Brooklyn’s ‘Limitless AI’ Harnesses Hippotizer to Immerse Visitors in Vast Video Installation
An army of Hippotizer Media Servers have landed in Brooklyn to feed vast amounts of visual data to 63 HD projectors inside ArtsDistrict Brooklyn’s Limitless AI immersive experience, filling the 10,000 square-foot main gallery space with a 360-degree video.
Created by internationally-renowned, Istanbul-based artists Ferdi and Eylul Alici of Ouchhh Studio, Limitless AI transports audiences into a world of culture, science and nature. Artificial intelligence reimagines terabytes of data, taking in billions of brushstrokes by historical masters such as Leonardo da Vinci, physics teachings by greats including Stephen Hawking, and brainwave responses by musicians as they perform, among many other extraordinary things. The five-part, 60-minute experience is presented as five separate chapters and features a finale with live music and an opportunity to influence the video via interaction.
At the core of the real-time video data manipulation are seven Hippotizer Boreal+ MK2 Media Servers, controlled by a grandMA3 console. “We have Presets in Hippo for each show chapter and the TD computers are generating live data that is being fed over NDI to the Hippo servers,” explains Sofia Claudino, Video Lead for Limitless AI. “Everything is driven by our Boreal MK2+ servers and they communicate to the grandMA3 via a Multi-Controller and DMX component. Triggering then happens via the console, with the help of a very precise universal clock system that syncs both video and audio systems. It is a very complex system and we are impressed with the ability to run a timecode-based-show that requires out-of-sight calling solutions as a continuous timeline doesn’t fit our needs.”
Here’s a video of what is looks like:
The team says that given the cavernous size of the space, they needed Media Server hardware that was capable of feeding projections onto multiple surfaces. Inside, there is a revolving stage with a concave and convex projection surface, and 14 walls with a height of more than 14-feet. “We are actually looking to add more projectors, to augment the 63 already in place,” Claudino continues. “There are so many that it was necessary to use the Boreal MK2+ servers to entirely cover our main gallery. We are using twenty-one units of DataPath that help to control and adjust the output of the images, hence why the necessary ability to support 4K, an internal drive with 4TB which enables our main show at almost its capacity, and a 10Gb Ethernet for super-fast media transfer since we are also using an NDI feed from Touch Designer machines to our Hippotizer servers.”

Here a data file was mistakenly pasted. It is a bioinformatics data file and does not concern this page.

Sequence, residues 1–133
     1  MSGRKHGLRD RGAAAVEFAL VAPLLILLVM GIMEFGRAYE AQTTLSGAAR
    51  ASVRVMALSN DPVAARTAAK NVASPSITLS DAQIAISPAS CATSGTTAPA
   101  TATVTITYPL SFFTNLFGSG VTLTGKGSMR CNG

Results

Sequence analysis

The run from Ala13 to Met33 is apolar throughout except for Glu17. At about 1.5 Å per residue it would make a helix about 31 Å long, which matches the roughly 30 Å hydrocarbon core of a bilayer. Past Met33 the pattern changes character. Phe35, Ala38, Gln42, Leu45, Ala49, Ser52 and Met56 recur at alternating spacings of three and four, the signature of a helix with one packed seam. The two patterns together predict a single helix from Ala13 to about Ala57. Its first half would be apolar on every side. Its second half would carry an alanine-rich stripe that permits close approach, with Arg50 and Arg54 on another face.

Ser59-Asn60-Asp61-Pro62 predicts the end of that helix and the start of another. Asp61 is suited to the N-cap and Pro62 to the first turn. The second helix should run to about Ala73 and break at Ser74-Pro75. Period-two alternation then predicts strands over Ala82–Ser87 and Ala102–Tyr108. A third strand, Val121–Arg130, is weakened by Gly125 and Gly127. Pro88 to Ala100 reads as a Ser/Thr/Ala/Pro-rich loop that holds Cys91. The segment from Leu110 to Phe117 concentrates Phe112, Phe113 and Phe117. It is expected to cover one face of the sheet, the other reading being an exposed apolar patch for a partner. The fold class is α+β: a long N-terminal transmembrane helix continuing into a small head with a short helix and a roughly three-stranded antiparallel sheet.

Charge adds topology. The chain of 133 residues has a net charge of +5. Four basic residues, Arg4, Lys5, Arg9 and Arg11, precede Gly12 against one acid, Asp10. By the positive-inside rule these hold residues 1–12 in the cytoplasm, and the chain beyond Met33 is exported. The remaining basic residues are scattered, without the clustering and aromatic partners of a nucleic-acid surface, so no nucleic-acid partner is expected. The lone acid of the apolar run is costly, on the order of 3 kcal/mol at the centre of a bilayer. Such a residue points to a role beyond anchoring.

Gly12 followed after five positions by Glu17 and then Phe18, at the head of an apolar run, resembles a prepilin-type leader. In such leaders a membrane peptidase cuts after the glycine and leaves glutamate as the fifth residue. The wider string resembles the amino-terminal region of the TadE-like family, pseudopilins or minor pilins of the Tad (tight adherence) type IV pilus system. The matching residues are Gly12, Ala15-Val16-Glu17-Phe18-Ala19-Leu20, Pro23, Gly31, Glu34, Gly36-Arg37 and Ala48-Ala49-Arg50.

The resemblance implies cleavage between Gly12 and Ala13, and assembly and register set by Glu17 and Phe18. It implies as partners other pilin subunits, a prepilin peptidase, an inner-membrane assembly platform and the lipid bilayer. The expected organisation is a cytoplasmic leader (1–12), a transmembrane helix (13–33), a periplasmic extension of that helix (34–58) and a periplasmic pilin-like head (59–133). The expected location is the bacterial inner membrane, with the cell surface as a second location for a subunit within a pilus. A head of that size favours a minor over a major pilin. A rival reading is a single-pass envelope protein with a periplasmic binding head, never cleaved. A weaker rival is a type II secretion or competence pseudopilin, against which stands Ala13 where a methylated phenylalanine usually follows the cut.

The 4TB of graphical data is being entirely processed, manipulated and fed to the projectors by the Boreal MK2+ Media Servers, with the Strata Drive accommodating all of the media. “The fast-processing speed is really important to us, there is no glitching or stuttering for a second and all media plays very smoothly,” adds Claudino.
The Green Hippo support team assisted the visuals team at Limitless AI as they created, built and operated the ambitious show. “The Hippo tech support team has been very generous,” Claudino continues. “They have always managed to help me find the best solutions.”
ArtsDistrict’s Chief of Business Development, Jacob Feldman, comments: “We chose the Boreal+ MK2 servers because the show was envisioned to be live from the start, changing each night depending on the music and performers. The final chapter feeds live data from EEG monitors on the musicians into TouchDesigner and then through NDI to the Hippos. The music that is performed can and does change with every show, which in turn requires extra triggering/calling abilities from a backstage perspective.”
“We are still realising the potential of Hippotizer since we are not only able to program a timecode-base main show but are also interested in exploring other Hippotizer abilities, such as scheduling different timelines for other small and large-scale events here in ArtsDistrict,” adds Claudino. “These functionalities, catering for the needs of our diverse events, just aren’t found in other media servers.”